Ember Swift, Canadian musician and touring performer, will be keeping us up-to-date on what it’s like to tour a band throughout North America. Having just arrived back from Beijing where she spent three months (check out her “Canadian in Beijing” series), she offers a musician’s perspective on road life. Enjoy!
One of the big things that travellers often worry about is how to stay in shape while going from plane to highway back to airport to waiting room to plane to highway, etc. There’s a lot of sitting involved in travelling, especially when you’re going long distances, and sometimes it feels to me (someone who likes to run as my choice of exercise) that I am completely sedentary and blob-like for far too long.
Unless, of course, I am routed through O’Hare International Airport in Chicago, IL.
I’ve heard that this is the largest airport in North America in terms of square footage, but I’m having trouble supporting that with any source. Has anyone else ever heard that? I did learn that it is the second busiest airport in the U.S. and the second busiest in the world with over 76 million travellers through the airport in the year 2006. (source) Because so many flights come in and out of Chicago, there seems to be no logical reason for the placement of connections. They’re sometimes a full half-hour walk away and with delays, inclement weather and general O’Hare confusion, it’s not uncommon to miss one’s connection at this airport.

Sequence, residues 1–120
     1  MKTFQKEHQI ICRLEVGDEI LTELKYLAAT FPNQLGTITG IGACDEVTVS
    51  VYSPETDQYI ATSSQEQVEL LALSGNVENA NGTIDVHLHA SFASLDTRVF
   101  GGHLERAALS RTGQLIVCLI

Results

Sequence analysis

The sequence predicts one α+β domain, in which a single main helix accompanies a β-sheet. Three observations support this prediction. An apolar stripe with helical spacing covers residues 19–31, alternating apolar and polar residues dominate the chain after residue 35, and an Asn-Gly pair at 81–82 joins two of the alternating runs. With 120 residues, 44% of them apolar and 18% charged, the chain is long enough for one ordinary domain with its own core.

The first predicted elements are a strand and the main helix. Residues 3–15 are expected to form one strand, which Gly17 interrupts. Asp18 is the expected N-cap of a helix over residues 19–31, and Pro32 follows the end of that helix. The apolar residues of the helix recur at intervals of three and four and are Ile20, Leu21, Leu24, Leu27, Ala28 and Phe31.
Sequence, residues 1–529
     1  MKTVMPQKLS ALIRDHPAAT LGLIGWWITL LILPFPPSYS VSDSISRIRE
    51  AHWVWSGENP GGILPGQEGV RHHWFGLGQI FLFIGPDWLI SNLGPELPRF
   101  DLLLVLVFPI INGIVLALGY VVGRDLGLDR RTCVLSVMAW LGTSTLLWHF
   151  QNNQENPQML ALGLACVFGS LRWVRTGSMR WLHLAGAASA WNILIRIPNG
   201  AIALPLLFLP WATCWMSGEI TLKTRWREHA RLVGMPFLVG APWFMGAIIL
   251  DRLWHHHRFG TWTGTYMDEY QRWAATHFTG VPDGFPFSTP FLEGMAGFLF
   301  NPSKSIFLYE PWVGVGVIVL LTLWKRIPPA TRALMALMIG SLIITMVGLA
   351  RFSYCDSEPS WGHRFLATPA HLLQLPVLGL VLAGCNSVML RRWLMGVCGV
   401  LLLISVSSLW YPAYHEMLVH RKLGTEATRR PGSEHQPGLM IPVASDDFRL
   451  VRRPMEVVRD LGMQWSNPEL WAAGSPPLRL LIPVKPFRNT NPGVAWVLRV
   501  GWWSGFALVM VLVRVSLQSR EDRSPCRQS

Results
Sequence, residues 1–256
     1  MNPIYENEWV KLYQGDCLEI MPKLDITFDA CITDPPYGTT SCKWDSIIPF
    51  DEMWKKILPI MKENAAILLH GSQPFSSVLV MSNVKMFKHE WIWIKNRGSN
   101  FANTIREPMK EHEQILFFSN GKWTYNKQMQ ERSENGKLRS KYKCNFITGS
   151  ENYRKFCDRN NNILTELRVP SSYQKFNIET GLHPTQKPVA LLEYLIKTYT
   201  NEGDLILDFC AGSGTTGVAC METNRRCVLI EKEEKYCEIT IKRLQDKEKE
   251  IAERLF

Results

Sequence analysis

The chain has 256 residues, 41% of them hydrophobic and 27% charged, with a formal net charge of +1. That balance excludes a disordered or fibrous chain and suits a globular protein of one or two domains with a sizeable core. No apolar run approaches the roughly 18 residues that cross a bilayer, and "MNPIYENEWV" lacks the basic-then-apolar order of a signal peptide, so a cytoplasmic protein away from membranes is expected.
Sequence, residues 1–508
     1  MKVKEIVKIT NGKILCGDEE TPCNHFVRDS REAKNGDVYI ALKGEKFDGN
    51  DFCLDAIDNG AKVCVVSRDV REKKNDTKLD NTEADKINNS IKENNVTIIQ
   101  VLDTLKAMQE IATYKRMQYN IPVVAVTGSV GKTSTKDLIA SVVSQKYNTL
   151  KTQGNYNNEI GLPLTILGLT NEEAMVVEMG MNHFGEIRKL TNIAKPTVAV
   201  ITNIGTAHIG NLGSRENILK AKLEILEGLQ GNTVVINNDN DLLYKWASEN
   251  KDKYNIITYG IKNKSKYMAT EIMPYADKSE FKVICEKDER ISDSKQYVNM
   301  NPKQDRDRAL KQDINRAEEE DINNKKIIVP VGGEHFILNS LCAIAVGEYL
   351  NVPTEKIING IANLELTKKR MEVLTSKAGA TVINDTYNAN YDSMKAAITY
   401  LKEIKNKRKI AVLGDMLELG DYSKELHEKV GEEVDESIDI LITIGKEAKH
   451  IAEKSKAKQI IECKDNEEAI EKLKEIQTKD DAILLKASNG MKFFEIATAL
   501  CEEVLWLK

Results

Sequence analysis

Even if you’re a runner.
This must be the largest airport in North America because I think I have walked the whole thing several times and I’ve had the blisters to prove it. I know now that being routed through Chicago will cure the “feeling-like-a-blob” blues. Especially today, when I had ten minutes to make it between terminal B and terminal C and had to basically run and walk at the same time while dragging my luggage and fellow travellers behind me.
There’s a causeway between these two terminals that amuses me. It’s designed like an eighties nightclub with neon tube lighting zigzagging across the ceiling and overall dim lighting in the tunnel to enhance their dance. They flip on and off like they’re on a slow strobe and the adjoining mirrors give the impression that there are even more lights going on than there are.
I know this is the airport’s attempt to install art in between the monotonous transfer between flights, but little did they know that they not only gave us a visual experience here, but they gave us a temporary exit from reality; an experiential gateway into what feels like another dimension.
An essential partner to this installation is the moving sidewalk that is installed here – two lengths of it – and perhaps you know what I’m talking about when I call these devices “trippy.” By this, I mean that it sometimes feels like I’m in another state of consciousness when I’m on them, especially if I’m also walking down them (not just letting them carry me) like I was doing today in my attempt to make the connecting flight. It is dream-like, as though you’re part floating and walking while also being swept across the floor towards the other end the way a camera zooms in and takes your eye with it without your consent.